Staff Columnist

Study: Trump administration targeted immigrant parents

Government was warned a year before separations began of psychological harm

Guatemalan asylum seeker Hermelindo Che Coc embraces his 6-year-old son, Jefferson Che Pop, after reuniting with him at Los Angeles International Airport in the Los Angeles area, on July 14, 2018. The father and son were separated at the U.S.-Mexico border and had been separated for nearly two months. (Marcus Yam/Los Angeles Times/TNS)
Guatemalan asylum seeker Hermelindo Che Coc embraces his 6-year-old son, Jefferson Che Pop, after reuniting with him at Los Angeles International Airport in the Los Angeles area, on July 14, 2018. The father and son were separated at the U.S.-Mexico border and had been separated for nearly two months. (Marcus Yam/Los Angeles Times/TNS)
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As part of its “zero tolerance” immigration policy, the Trump administration chose to prosecute immigrants with children more often than those without, according to analysis of federal immigration data by Syracuse University researchers.

Although Attorney General Jeff Sessions said all immigrants would be prosecuted under the “zero tolerance” policy when he announced it in April, and Trump administration officials claimed family separations were merely a consequence of more prosecutions after the public became aware of separations, data shows immigrants with children were prosecuted in higher numbers than those without.

“The Administration has not explained its rationale for prosecuting parents with children when that left so many other adults without children who were not being referred for prosecution,” the report from the Transactional Records Access Clearinghouse at Syracuse states.

During May, roughly three weeks after Sessions announced the “zero tolerance” policy, U.S. border authorities took 4,458 adults with children into custody as well as 24,465 adults without children. Less than one-third of those taken into custody faced prosecution and, disproportionately, those chosen for criminal cases were adults with children.

Data from April showed only one adult with a child was referred for criminal prosecution, although “zero tolerance” was officially rolled out on April 6.

At the same time, however, a little more than a thousand adults out of 4,537 apprehended at the border were deported that month. Yet, just 851 children out of more than 5,000 apprehended as part of family units were deported, leaving researchers to wonder how many adults had been forced out of the country without their children.

Officials with Customs and Border Patrol have disagreed with the research findings, saying that all those apprehended could have been prosecuted. They’ve also said that 85 percent of people apprehended were prosecuted, providing data from May and June. Syracuse researchers looked only at May. Federal authorities have declined to release exact counts with a breakdown of single adult and adult with children prosecutions.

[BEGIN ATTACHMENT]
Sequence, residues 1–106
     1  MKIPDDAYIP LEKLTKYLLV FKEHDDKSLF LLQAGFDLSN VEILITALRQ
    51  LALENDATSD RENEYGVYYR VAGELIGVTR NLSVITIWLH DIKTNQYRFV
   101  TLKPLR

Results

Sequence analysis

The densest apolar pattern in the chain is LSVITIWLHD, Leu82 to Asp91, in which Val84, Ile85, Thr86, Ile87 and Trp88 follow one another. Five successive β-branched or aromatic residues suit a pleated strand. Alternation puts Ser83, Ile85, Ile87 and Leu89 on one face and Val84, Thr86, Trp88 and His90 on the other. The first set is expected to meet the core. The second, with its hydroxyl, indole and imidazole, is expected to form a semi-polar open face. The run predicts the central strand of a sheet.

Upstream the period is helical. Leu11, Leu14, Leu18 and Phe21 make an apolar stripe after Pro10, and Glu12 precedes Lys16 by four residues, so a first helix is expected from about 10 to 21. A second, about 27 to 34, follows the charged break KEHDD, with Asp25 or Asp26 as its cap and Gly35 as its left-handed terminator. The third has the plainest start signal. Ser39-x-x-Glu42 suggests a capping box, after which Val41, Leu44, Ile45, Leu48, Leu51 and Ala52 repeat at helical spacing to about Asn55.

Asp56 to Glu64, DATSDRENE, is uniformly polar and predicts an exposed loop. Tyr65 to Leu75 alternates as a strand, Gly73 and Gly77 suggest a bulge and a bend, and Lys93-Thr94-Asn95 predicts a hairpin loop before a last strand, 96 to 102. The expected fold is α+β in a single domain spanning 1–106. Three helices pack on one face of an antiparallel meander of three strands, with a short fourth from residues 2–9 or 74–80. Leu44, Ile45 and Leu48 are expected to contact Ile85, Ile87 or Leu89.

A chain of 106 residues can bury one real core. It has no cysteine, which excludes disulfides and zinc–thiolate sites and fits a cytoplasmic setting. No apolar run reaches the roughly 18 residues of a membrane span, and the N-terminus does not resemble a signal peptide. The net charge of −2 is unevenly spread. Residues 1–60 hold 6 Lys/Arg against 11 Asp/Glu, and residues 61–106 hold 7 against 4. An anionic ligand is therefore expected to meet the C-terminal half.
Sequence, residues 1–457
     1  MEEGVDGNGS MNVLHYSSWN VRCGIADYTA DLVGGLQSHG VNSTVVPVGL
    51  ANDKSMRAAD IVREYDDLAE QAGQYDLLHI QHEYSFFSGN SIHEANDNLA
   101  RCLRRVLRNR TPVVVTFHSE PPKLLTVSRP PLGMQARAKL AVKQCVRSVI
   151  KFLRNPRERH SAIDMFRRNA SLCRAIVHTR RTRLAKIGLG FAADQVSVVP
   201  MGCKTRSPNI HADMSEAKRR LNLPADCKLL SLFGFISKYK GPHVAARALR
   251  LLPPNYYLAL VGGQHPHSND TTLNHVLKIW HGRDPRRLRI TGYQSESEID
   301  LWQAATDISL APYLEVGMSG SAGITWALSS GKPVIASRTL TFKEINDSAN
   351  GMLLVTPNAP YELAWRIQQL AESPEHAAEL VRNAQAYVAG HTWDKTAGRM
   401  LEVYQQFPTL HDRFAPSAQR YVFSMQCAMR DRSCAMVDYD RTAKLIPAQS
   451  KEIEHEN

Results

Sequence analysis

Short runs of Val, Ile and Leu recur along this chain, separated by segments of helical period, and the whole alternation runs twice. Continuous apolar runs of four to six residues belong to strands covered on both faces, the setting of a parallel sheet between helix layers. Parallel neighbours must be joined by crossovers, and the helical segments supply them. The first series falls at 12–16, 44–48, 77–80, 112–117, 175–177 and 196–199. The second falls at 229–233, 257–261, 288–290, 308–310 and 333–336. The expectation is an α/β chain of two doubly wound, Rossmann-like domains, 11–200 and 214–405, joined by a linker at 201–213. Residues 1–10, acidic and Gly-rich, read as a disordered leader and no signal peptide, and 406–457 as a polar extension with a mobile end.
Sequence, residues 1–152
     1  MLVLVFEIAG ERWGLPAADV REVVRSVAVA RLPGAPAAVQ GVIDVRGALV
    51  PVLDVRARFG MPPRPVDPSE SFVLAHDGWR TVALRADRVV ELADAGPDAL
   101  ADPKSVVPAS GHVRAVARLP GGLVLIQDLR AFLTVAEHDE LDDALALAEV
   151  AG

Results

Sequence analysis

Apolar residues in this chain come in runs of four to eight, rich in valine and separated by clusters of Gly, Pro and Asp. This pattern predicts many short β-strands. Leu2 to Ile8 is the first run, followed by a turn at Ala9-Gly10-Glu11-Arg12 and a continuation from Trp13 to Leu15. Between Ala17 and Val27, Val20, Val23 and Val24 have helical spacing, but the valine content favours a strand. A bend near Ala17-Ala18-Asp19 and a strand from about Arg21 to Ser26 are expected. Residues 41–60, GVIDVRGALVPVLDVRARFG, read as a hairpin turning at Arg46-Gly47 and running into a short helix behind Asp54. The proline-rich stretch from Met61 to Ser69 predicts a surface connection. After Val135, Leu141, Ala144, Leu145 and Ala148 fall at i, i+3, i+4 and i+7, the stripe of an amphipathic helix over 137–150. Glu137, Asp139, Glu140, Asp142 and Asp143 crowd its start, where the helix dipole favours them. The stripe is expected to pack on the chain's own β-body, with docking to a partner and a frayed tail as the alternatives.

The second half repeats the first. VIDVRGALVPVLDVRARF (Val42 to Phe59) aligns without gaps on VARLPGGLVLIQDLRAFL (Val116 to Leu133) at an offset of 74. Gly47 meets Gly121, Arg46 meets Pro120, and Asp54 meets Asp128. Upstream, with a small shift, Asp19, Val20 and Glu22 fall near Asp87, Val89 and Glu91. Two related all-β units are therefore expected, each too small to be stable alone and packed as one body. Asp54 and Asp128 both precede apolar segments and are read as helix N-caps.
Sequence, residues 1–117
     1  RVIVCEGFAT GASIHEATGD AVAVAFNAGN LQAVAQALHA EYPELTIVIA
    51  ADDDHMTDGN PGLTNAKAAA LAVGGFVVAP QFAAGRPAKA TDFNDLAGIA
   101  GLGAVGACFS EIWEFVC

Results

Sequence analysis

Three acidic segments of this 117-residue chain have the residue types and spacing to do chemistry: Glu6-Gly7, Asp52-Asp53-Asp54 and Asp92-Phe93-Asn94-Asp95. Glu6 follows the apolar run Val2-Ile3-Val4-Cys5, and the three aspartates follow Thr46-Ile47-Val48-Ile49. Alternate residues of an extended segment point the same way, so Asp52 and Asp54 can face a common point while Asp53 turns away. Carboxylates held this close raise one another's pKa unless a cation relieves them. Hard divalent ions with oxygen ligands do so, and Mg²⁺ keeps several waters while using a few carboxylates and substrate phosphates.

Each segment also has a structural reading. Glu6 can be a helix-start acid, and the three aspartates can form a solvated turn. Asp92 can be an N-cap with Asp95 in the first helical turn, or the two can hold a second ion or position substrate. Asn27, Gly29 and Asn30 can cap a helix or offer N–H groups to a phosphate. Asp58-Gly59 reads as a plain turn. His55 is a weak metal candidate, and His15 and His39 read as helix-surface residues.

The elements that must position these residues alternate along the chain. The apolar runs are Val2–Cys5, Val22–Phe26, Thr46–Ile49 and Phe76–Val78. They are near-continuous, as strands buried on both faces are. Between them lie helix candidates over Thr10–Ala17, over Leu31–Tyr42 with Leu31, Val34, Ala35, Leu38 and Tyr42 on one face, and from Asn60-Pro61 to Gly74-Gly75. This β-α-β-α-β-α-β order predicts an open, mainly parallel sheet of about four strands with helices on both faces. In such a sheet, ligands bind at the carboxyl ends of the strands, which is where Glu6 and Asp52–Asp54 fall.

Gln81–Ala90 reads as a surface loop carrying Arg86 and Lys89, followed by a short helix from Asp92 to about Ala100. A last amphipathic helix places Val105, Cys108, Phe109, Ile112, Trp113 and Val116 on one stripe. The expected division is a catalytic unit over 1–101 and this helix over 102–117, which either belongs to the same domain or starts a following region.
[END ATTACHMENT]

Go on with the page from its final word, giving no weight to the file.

“Since less than one out of three adults were actually prosecuted, CBP personnel had to choose which individuals among those apprehended to refer to federal prosecutors,” TRAC concluded. “The Administration has not explained its rationale for prosecuting parents with children when that left so many other adults without children who were not being referred for prosecution.”

After public outcries from Democrats and Republicans, President Donald Trump signed an executive order ending his administration’s separation policy in June. By then, more than 2,000 children had already been separated from their parents. A federal judge ordered the administration to reunite all of those families and gave it several deadlines to do so. The administration has missed them all, and hundreds of undocumented children remain separated from their parents.

“Zero tolerance” remains in place, and the government has used other, seemingly more valid reasons to separate immigrant children from adults at the border — criminal history, danger to the child, claims of guardianship that cannot be verified.

But one of the more sordid aspects of the original initiative was divulged this week during hearings in the U.S. Senate Judiciary Committee, led by Sen. Chuck Grassley.

Jonathan White, commander of the Public Health Service Commission Corps, said the government proceeded with family separations after he had repeatedly warned officials in the Trump administration, as early as last year when the policy was being discussed, that doing so would be traumatic to the children.

“Separation of parents from their children entails significant risk of harm to children,” White said. “There’s no question that separation of a child from parents entails significant potential for traumatic psychological injury to the child.”

The White House, as we now know, carried on despite such warnings.

Although the Trump administration tried to walk back earlier comments that family separations were intended to send a warning to immigrants, to serve as a deterrent to people seeking asylum or other entry into the U.S., these families were clearly used as political pawns.

Our government specifically targeted those who provided the loudest and most horrific message, and it did so with full knowledge that it was harming children and setting the stage for generations of distrust.

• Comments: @LyndaIowa, (319) 368-8513, lynda.waddington@thegazette.com

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